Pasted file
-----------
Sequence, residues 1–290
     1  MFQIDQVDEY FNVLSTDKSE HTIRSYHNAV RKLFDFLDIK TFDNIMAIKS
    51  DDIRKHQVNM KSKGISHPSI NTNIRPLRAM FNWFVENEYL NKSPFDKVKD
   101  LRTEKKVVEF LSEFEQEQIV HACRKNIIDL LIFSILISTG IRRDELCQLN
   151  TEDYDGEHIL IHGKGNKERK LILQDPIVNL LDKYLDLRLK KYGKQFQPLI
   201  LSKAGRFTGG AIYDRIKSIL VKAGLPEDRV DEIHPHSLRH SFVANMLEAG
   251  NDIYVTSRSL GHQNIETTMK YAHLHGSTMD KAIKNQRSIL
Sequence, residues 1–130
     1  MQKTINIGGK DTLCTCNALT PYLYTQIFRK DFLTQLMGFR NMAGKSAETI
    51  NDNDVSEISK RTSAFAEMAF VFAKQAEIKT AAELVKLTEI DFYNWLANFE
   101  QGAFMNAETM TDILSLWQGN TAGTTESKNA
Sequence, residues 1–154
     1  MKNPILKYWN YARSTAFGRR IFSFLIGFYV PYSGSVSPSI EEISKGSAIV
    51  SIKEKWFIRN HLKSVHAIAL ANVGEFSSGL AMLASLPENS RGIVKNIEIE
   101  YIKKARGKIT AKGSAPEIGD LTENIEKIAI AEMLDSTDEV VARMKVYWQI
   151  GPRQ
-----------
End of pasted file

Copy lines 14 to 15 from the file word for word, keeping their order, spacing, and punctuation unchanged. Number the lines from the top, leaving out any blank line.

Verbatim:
    51  SIKEKWFIRN HLKSVHAIAL ANVGEFSSGL AMLASLPENS RGIVKNIEIE
   101  YIKKARGKIT AKGSAPEIGD LTENIEKIAI AEMLDSTDEV VARMKVYWQI